In 1968 LTG Petersen would assume command of a tactical air squadron, becoming the first black officer to accomplish this once unobtainable position. He deployed his unit to Vietnam later that year and flew over 290 combat missions against an extremely formidable enemy. During operations there his would log over 4,000 flight hours and also received a purple heart after being shot down by enemy fire over Vietnam. His squadron would earn recognition as the most outstanding fighter squadron for their overall actions during the war in Vietnam.

            Recognizing that flying was his true passion but maintaining a burning desire to continue to blaze a trail for others to follow, LTG Petersen knew he needed to take an assignment that would set him on a trajectory to be promoted into the general officer ranks. After facing this realization, LTG Petersen took an assignment as a Special Assistant to the Deputy Commandant of the Marine Corps. In this capacity, he would be directly involved in the development of actions to break down systematic barriers limiting the advancement of African American in the Marine Corps. This position provided him an opportunity to serve alongside the decision-makers within the Marine Corps and provide his testimony as a precedent to the potential that black Marines have not only in the Marine Corps but the armed forces as a whole.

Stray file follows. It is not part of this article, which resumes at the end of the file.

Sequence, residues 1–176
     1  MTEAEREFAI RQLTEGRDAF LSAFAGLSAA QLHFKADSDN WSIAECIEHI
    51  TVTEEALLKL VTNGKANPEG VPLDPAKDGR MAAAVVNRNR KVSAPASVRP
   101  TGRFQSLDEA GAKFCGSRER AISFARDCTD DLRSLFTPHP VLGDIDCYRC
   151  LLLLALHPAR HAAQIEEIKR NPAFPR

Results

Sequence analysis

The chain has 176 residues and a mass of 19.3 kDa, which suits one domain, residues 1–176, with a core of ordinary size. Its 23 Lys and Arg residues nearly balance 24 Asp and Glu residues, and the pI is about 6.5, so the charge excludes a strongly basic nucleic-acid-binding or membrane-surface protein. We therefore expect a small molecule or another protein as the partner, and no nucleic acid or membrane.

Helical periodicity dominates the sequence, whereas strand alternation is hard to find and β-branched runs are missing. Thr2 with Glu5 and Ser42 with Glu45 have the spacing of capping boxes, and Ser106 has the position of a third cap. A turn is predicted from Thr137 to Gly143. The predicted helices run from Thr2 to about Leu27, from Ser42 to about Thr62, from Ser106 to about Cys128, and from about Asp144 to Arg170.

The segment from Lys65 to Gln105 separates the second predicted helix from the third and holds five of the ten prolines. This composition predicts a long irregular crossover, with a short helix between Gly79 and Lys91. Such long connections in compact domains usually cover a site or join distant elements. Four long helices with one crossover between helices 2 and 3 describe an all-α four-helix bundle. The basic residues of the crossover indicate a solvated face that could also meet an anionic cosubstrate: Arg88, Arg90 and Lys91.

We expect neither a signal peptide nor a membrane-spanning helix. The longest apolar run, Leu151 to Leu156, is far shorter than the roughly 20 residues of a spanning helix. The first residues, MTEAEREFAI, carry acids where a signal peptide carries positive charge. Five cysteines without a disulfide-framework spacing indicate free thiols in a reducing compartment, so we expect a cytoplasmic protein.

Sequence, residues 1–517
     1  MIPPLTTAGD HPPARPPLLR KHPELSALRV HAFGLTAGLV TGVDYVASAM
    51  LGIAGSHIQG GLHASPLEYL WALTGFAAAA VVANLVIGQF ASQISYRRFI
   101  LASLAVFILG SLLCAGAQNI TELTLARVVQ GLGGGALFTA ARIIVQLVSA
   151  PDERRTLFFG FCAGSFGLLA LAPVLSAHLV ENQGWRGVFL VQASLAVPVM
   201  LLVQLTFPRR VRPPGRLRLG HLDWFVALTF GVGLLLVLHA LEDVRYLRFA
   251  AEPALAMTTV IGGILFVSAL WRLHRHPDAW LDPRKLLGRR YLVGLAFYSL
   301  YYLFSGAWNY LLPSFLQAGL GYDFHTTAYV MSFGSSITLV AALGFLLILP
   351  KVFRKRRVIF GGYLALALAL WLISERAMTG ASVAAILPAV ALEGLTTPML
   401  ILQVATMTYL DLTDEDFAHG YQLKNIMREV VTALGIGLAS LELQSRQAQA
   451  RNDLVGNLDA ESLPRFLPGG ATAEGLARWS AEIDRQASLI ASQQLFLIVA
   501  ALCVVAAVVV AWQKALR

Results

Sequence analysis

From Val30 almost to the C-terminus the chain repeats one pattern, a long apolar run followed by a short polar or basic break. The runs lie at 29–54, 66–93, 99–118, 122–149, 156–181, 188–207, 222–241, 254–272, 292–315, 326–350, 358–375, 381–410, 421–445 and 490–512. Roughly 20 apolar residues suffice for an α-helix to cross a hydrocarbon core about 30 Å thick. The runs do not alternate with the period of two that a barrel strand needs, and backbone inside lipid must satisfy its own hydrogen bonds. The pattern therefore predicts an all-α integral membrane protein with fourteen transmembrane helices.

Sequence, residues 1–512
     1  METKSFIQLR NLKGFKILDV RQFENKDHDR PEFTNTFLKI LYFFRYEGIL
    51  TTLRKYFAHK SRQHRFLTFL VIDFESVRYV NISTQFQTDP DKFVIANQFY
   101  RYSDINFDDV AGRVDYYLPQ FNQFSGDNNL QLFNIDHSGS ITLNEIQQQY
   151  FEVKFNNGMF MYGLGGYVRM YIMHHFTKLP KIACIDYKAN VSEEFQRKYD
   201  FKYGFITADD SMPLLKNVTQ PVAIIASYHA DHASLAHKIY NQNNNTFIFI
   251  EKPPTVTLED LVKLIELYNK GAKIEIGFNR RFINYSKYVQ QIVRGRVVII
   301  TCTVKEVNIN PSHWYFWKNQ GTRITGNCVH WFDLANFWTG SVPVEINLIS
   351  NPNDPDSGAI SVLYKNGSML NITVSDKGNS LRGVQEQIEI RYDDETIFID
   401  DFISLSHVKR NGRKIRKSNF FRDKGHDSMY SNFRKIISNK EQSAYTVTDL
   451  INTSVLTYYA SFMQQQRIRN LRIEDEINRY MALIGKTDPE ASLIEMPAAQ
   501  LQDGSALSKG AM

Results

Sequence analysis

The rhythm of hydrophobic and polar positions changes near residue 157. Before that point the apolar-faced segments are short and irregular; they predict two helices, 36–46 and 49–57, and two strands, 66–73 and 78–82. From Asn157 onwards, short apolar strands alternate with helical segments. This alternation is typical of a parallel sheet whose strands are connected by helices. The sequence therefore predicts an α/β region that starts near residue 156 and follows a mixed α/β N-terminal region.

LTG Petersen would then move on to serve as the Marine Corps’ first black officer to serve as the commander of Marine Air Group 32 in Cherry Point, NC, and another command of a Marine Amphibious Brigade. He followed this assignment as once again, the first black officer to serve as the commander of a major Marine Corps base, Marine Corps Base Quantico. He would retire as the highest-ranking black officer in Marine Corps history in 1988.

            The story of LTG Petersen is not only a story of firsts for black officers in the United States armed forces, yet it is a historical depiction of what can be earned through hard work and determination. Growing up in an environment being treated as less than human and being viewed by society as inferior did not prohibit the aspirations of this motivating leader. Through the racial discrimination he faced, and the unequal treatment by forces within the military and outside of uniform, LTG Petersen always knew that fighting for what is right and representing himself with prestige and professionalism would one day pay off. The lessons taught to him by his parents growing up in Topeka, KS, provided the foundation for the life lessons that he took forward with him throughout his career in the Marine Corps. His legacy will undoubtedly live on in not only Marine Corps history but serves as a model of what is possible by all those who serve and all those who seek to eradicate systematic barriers for advancement in career fields that once restricted blacks from having an opportunity to prove their abilities.